Decentralization and devolution are the wave of the future. From Ryan McMaken at mises.org:
If it seems like secession is become a more frequent topic in the global media, it’s not just your imagination.
In recent years, talk of political separatist movements have become not only more commonplace, but are increasingly discussed as reasonable alternatives to the status quo.
Historically, of course, established states have long sought to portray secession movements as unsavory forms of agitation pushed only by extremists.
In the US, of course, secession has long been portrayed as strictly the realm of right-wing zealots motivated by racism, or even something worse.
In 2014, however, it became increasingly clear that this strategy’s days were numbered. 2014, of course, was the year that 45 percent of Scottish voters voted to secede from the United Kingdom. Less than two years later, a majority of British voters voted for secession from the European Union — in spite of a hysterical scare campaign waged by pro-EU activists.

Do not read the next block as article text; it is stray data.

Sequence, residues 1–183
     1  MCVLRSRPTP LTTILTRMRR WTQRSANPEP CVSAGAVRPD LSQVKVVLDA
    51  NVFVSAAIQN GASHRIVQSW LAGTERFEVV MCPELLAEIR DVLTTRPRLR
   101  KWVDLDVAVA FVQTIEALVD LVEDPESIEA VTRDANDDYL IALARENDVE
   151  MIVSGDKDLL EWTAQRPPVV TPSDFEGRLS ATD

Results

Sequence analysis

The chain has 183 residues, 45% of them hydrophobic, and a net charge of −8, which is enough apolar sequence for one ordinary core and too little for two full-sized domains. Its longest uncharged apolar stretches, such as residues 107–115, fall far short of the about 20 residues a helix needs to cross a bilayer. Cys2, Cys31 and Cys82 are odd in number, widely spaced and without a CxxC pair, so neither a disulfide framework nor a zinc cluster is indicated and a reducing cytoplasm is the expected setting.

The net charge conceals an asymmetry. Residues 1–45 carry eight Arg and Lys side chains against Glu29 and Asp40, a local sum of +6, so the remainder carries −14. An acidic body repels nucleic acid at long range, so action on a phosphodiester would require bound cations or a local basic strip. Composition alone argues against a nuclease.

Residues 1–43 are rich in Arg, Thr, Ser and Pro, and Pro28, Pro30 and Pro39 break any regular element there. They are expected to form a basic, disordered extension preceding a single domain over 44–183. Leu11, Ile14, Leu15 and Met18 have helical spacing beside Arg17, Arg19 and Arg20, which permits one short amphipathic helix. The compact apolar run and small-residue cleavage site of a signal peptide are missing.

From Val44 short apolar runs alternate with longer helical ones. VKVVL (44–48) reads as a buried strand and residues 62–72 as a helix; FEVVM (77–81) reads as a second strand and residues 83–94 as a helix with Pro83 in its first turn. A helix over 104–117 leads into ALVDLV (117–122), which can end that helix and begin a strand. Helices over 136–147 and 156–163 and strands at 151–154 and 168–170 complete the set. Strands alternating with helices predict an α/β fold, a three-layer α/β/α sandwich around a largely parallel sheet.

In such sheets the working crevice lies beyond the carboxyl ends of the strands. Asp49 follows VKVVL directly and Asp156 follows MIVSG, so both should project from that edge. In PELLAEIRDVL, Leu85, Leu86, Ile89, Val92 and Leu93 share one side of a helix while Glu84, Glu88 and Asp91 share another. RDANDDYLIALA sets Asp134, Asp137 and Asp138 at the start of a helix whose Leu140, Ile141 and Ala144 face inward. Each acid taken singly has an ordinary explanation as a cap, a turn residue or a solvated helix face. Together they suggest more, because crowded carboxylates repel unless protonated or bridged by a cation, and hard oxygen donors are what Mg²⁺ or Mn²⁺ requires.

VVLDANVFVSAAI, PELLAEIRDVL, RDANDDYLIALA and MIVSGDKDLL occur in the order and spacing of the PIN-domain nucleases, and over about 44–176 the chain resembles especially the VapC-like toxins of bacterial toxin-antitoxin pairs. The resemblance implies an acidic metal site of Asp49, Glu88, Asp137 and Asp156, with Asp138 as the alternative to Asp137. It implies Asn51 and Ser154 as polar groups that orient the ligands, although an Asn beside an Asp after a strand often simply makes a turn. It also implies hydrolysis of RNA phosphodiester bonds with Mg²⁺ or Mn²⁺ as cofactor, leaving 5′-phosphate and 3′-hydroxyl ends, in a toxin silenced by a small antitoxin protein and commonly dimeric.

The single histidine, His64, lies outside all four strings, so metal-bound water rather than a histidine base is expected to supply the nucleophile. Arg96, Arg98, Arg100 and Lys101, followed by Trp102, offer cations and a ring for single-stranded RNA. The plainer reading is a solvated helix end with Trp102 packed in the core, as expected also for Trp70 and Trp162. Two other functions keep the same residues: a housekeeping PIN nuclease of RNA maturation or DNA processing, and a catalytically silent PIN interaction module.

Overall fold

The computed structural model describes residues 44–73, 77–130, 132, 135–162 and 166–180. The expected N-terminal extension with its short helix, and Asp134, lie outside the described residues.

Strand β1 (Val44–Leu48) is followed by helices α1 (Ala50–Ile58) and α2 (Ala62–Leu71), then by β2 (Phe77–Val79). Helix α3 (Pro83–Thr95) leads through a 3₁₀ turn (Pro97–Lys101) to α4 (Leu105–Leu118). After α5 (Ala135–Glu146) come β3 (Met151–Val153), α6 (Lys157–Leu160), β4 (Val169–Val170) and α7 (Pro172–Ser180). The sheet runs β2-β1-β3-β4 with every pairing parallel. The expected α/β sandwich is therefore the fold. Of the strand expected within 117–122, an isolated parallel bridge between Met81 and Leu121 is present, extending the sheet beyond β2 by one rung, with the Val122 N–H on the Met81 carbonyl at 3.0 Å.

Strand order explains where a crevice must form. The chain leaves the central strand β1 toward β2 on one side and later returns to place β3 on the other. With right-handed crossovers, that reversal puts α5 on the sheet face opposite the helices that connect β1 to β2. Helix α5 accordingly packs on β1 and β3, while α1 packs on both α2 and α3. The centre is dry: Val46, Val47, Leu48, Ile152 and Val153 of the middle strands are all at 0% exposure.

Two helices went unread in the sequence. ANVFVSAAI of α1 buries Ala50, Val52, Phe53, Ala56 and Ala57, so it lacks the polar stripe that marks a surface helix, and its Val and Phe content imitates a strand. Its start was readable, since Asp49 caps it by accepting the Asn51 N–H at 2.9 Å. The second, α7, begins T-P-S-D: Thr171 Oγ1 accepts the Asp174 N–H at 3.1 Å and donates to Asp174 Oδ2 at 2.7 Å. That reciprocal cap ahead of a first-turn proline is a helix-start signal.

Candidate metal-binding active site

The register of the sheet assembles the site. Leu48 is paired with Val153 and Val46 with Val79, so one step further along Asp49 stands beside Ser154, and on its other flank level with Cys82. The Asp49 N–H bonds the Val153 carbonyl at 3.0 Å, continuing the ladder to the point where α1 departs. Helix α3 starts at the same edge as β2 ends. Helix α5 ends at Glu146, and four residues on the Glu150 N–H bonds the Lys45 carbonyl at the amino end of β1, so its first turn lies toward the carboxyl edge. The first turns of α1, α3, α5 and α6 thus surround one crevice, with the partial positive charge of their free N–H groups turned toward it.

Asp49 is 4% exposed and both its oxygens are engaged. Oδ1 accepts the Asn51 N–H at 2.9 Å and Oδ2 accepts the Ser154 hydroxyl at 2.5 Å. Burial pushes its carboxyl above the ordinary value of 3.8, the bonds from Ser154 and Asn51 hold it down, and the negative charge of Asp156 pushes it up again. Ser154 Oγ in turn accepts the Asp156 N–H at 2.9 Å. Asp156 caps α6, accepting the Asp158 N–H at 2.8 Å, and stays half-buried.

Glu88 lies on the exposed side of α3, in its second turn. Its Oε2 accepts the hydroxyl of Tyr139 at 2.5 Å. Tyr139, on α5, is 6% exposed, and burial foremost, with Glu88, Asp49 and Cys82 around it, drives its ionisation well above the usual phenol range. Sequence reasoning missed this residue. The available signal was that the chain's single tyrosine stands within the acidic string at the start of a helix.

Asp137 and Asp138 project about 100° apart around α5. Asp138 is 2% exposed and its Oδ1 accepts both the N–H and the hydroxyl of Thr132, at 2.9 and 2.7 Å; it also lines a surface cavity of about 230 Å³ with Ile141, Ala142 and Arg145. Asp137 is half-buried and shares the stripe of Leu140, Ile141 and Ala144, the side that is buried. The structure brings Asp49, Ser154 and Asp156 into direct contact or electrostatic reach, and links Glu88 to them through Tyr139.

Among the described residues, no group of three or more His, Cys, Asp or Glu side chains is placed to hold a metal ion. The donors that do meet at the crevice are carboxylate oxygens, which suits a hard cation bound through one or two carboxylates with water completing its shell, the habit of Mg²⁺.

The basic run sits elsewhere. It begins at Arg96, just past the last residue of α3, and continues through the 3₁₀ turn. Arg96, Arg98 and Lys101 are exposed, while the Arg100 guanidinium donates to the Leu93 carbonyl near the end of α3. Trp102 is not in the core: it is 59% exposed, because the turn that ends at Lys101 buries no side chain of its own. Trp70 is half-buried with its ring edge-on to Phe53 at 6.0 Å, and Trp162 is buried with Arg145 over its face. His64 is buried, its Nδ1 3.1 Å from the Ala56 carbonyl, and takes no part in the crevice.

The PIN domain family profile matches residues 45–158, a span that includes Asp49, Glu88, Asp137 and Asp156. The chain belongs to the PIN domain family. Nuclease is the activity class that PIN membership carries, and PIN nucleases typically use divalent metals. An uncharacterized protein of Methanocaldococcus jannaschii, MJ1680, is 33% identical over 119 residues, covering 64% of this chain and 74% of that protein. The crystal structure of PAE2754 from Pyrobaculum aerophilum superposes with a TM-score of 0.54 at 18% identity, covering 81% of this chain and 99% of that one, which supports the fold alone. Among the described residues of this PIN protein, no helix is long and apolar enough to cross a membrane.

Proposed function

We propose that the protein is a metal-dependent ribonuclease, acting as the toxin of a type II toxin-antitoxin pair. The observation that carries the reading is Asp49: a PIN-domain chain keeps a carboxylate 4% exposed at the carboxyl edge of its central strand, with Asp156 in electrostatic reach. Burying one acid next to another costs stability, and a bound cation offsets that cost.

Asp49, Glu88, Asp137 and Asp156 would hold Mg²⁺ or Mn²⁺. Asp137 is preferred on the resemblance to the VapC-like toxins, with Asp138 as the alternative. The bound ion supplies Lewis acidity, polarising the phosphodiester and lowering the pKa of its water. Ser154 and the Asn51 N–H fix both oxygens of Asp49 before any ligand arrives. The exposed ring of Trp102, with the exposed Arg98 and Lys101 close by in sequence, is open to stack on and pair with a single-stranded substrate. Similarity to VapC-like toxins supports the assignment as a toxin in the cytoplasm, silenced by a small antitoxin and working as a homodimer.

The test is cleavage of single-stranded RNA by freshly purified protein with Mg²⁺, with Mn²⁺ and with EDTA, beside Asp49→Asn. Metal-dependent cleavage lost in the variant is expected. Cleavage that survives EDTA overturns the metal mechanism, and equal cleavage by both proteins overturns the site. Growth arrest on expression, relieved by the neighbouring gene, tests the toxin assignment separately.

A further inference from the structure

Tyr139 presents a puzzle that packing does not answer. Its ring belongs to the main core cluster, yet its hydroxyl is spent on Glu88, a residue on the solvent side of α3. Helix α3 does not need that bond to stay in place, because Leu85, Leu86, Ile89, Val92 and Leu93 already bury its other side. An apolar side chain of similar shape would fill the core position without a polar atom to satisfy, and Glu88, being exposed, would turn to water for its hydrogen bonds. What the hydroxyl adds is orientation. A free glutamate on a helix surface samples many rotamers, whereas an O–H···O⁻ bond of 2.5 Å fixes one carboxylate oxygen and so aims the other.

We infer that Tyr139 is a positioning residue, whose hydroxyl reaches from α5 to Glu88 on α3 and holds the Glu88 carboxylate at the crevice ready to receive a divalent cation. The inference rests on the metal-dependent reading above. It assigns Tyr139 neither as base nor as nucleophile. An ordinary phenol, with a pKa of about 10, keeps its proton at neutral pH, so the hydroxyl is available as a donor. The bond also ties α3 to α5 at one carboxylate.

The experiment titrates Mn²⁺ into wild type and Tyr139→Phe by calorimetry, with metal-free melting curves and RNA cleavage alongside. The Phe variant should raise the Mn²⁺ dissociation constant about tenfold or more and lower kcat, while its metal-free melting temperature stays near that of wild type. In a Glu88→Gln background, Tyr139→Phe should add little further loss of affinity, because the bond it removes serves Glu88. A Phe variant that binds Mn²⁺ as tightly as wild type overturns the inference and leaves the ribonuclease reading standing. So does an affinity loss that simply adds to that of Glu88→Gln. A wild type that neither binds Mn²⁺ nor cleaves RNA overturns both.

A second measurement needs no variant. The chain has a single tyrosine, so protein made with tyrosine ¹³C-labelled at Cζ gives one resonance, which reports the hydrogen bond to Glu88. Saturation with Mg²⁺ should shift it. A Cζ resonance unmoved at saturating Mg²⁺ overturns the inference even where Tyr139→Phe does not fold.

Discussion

These British secession movements were immune from the usual “arguments” against secession made in the United States. After all, were we to believe that British secessionists were pushing secession so they could impose slavery within their borders?
Had it been used, such a charge would have been laughed at, so this new type of secession was generally ignored, or described as something other than secession.
Moreover, the Scottish secession was problematic for the global left in general. Secession movements had often been portrayed by global elites as reactionary or at least the sort of thing that conservative malcontents would indulge in. But in Scotland, the secession movement was largely a product of the mainstream leftist parties. In the wake of the Scottish referendum, we were to believe that 45 percent of Scottish voters were extremist malcontents? Again, such a charge would have rightly been viewed as ludicrous.
Since Brexit, two of the most notable secession movements — California and Catalonia — have also been products of the left. Given the mainstream media’s fondness for the left, the effect of this has been to push secession out of the “extremist” shadows and into the realm of allowable — if eccentric — political discourse.
To continue reading: Secession Is Going Mainstream